Hence, we aligned our 1481 dmCGs with Horvath’s clock  and also with an RnBeads pipeline consisting of Horvath CpGs and additional Age-Prediction- CpGs from diverse tissues. Eight of our dmCGs overlapped with the 353 CpGs of Horvath’s clock while 29 of our dmCGs overlapped with the 761 CpGs of our RnBeads pipeline. None of the three CpGs investigated here, associated with HOXA5, DUSP3 and RYR1, respectively, overlapped with either of these two data sets. A detailed table showing the position of all the 1481 differentially methylated CpG sites with indication of the assigned gene, the chromosomal location and the respective gene region as well as the overlapping dmCGs described above is provided in Supplementary Table 1.
As HOXA5, DUSP3 as well as RYR1 displayed significant aging-associated MDs and functional methylation has been demonstrated not only for promoter regions but e.g. also for 3‘UTRs , we chose to investigate all three dmCGs in more detail using local deep bisulfite sequencing analysis.
Bi-PROF revealed significant aging-associated hypermethylation of HOXA5
Based on our filter criteria used for the Bead array analysis, target CpGs of HOXA5, DUSP3 and RYR1 were selected for bisulfite profiling (Bi-PROF)  in a cohort of young (average age: 23.4 yrs, range: 18-25 yrs) and old (average age: 79.6 yrs, range: 75-90 yrs) adults, n = 20, respectively. Deep sequencing revealed no significant age-associated MD for DUSP3 and RYR1 neither for the target CpG site (Figure 3A) nor for the mean amplicon methylation.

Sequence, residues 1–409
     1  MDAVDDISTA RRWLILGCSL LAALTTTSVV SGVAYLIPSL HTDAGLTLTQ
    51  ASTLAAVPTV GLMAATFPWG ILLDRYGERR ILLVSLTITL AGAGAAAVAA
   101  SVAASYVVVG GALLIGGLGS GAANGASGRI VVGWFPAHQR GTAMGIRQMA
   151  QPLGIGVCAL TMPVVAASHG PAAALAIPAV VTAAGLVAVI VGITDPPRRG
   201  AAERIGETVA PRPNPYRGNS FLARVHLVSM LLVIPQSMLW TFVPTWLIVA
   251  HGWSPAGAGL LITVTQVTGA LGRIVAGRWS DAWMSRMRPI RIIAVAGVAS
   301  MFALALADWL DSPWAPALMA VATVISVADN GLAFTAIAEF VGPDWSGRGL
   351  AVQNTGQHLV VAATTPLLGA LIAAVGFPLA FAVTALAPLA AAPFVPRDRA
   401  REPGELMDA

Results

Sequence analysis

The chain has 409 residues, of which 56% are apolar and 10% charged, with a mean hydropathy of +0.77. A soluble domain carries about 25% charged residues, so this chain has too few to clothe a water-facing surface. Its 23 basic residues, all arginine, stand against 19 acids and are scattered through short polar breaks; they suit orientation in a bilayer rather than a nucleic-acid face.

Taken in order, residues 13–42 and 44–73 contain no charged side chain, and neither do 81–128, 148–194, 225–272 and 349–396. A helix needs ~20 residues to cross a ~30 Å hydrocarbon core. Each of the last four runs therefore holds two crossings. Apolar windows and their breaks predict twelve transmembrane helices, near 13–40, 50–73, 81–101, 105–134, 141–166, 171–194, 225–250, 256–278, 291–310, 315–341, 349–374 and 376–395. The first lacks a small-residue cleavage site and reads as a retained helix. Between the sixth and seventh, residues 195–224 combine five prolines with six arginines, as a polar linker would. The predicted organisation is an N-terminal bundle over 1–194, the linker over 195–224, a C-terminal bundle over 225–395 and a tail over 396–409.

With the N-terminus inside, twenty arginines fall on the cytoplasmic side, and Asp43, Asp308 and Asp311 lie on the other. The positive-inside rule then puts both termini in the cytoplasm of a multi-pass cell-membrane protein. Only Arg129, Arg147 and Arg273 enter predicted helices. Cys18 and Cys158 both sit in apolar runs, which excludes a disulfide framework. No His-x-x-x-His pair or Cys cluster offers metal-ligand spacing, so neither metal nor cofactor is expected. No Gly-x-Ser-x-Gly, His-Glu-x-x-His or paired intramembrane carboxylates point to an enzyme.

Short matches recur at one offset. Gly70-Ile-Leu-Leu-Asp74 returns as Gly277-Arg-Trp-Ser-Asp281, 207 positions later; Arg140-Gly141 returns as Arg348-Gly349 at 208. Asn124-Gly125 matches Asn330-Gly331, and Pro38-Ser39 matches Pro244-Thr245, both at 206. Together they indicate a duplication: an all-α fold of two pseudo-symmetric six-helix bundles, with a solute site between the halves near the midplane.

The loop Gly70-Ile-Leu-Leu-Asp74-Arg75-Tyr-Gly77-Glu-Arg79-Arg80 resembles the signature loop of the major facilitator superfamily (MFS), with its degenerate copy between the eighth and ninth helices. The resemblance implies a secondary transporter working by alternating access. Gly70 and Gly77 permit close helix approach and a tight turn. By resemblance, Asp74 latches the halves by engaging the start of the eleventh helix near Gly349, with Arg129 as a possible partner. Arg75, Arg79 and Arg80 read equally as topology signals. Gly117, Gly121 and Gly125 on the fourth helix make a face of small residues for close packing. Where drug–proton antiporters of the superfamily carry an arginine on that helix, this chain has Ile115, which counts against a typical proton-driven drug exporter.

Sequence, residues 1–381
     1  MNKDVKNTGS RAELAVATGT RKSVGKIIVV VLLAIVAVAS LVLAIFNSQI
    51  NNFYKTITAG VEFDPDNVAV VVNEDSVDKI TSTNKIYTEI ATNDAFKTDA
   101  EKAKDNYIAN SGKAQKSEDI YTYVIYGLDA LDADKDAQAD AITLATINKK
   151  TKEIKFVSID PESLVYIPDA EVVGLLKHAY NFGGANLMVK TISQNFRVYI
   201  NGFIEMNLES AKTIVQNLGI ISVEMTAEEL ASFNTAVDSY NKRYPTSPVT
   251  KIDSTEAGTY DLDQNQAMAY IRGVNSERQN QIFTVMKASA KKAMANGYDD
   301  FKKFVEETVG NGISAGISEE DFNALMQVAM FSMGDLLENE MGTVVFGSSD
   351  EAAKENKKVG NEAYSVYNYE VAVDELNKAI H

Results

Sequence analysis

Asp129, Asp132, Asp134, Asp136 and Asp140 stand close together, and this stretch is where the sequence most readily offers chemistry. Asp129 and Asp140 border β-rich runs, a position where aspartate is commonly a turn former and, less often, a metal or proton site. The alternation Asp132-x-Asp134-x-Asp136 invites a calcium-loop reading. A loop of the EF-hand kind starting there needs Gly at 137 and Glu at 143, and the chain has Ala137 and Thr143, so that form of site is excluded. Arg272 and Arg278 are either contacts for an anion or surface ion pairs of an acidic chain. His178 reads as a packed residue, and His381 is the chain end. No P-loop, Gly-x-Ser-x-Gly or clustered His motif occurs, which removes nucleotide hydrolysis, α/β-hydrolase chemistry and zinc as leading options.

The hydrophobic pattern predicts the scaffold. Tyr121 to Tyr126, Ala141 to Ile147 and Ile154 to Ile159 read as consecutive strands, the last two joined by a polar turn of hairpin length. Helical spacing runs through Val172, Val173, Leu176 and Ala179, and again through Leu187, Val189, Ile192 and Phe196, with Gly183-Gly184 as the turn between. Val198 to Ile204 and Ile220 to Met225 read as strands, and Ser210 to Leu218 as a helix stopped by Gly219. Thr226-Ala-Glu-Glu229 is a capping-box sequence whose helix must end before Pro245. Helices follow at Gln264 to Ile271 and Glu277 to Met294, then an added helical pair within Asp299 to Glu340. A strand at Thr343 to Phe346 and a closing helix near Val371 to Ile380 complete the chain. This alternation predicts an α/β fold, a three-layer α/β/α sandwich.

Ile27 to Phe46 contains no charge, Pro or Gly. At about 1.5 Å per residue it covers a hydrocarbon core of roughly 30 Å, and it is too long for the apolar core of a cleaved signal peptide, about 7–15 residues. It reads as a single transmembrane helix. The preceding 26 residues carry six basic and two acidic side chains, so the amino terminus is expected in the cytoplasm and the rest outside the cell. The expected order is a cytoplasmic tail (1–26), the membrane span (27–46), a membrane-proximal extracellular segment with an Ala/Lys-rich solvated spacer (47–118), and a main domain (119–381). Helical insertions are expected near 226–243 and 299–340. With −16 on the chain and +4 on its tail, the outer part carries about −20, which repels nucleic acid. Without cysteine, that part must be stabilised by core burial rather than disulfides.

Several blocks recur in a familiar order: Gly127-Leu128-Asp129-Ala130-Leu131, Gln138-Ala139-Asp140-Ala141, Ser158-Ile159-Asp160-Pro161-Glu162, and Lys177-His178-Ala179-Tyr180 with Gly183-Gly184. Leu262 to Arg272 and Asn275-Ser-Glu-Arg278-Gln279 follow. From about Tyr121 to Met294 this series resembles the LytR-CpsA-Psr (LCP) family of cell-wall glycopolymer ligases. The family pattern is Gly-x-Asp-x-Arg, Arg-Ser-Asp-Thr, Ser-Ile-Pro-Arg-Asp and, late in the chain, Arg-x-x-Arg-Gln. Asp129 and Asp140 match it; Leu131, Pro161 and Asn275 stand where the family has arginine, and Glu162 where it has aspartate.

Figure 3. Deep analysis of CpG sites. (A) Validated methylation values of the microarray-detected CpG sites are demonstrated in young and old subjects. Detection of mean DNA methylation was performed by local deep sequencing on bisulfite-converted DNA prepared from monocytes. The associated genes are assigned to the target CpG site, respectively. Error bars denote SEM (n = 20, average age: 23.4 and 79.6 yrs, respectively). (B–D) shows the correlation between the methylation of the target CpG site of DUSP3, HOXA5 and RYR1 and the participant's age. Methylation values of the 8 individuals that were originally applied in the MethylationEPIC BeadChip Microarray are accentuated by red dots. (B) Depicts the correlation between the methylation of the target CpG site of DUSP3 and the participants age showing a very low correlation coefficient (r = -0.0255). (C) Delineates a linear correlation between HOXA5 methylation in the target CpG site of the HOXA5 promoter region and the participants age showing increasing methylation levels with increasing age as reflected in the respective correlation coefficient (r = 0.7437). (D) Depicts the correlation between the methylation of the target CpG site of RYR1 and and the participants age showing a very low correlation coefficient (r = 0.1174).